Pontiac club magazine salutes options and odd ducks
A square peg in a round hole:Maybe you have seen cars like this at a car show. Those vehicles stick out from the main for reasons that set them apart visually. Mike Noun mentions this in his article “Pontiac Odd Ducks” appearing in the January 2019 issue of Smoke Signals (Pontiac-Oakland Club International, P.O. Box 421, Long Lake, Minn., 55356; editor, Tim Dye).
“Who would have ordered a Goldenrod Yellow 1969 Firebird 400 withgreen convertible top and green interior?” He wondered. After some checking, he discovered it truly WAS an optional factory combo. He further discovered there were 33 options on this particular car, from Ram Air IV engine to folding rear seat.
Why have special features? Individualism, for one. Ownership of something unique, for another. Eccentricities?Perhaps, and there is certainly nothing wrong with that! Noun adds that the color green was typical of interior color usage for houses back then. I’ll add that early color TV programs in the 1960s most always seem to show green in each scene. If you knew the set of “Bonanza” had a green area, you knew your set needed manual adjustment when it showed that area as blue. Green had its place in the 1960s and 1970s. Yellow cars with green interiors were common in the ’50s as well.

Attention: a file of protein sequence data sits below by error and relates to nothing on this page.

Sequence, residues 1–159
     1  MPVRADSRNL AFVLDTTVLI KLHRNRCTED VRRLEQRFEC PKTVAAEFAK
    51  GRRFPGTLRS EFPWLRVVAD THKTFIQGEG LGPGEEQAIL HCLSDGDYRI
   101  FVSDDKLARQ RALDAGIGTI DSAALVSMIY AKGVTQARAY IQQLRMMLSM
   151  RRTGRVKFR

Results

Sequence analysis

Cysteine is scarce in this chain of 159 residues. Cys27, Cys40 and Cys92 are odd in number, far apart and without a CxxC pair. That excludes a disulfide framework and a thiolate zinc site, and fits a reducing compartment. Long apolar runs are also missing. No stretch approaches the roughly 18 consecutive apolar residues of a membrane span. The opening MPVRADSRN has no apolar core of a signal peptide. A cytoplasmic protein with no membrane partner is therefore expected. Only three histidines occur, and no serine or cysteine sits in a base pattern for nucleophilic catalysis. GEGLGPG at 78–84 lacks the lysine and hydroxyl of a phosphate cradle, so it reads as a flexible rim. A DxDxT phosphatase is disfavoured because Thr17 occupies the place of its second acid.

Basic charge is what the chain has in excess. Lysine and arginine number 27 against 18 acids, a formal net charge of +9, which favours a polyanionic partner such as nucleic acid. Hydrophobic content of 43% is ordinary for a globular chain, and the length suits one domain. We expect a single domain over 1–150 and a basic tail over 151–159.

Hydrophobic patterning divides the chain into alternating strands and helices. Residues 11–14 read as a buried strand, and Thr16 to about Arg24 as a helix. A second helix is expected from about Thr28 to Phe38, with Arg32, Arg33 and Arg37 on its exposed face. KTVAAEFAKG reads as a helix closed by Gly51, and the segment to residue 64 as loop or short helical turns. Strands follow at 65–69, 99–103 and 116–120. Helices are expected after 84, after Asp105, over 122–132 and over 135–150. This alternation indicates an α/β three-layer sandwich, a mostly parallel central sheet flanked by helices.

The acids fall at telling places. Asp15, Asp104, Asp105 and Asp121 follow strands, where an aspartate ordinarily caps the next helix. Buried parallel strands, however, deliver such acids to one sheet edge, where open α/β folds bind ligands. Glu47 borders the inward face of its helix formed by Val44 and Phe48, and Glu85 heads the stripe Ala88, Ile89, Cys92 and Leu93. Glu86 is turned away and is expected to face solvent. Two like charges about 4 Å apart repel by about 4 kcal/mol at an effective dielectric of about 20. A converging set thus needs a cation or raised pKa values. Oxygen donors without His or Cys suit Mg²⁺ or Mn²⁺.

Noun’s many points are well taken. He lists a variety of options and combinations that pleased the imagination of nearly every new-car buyer, especially in the 1960s and later. “Unless it was a pink with purple roof and a blue interior, the plant would usually accept the order, no questions asked, as long as the required two-tone paint option price ($40 or so) was paid.” One such example was Carousel Red, which was not ordinarily offered for the 1969 Grand Prix “but a buyer could request it and pay a hefty $115.85 premium.”
The article sallies forth to show and explain seven well-packed pages of unusually optioned Pontiacs. Past the era of custom-designed “one-off” cars, options usually made mass produced cars stand out. Example: One 1963 Bonneville Custom Safari carried 40 options and a sticker price of more than $6,200. In comparison, a mere $5,590 could have bought a 1963 Cadillac 62 convertible.
Noun’s article is a standout and well worth preserving for future reference!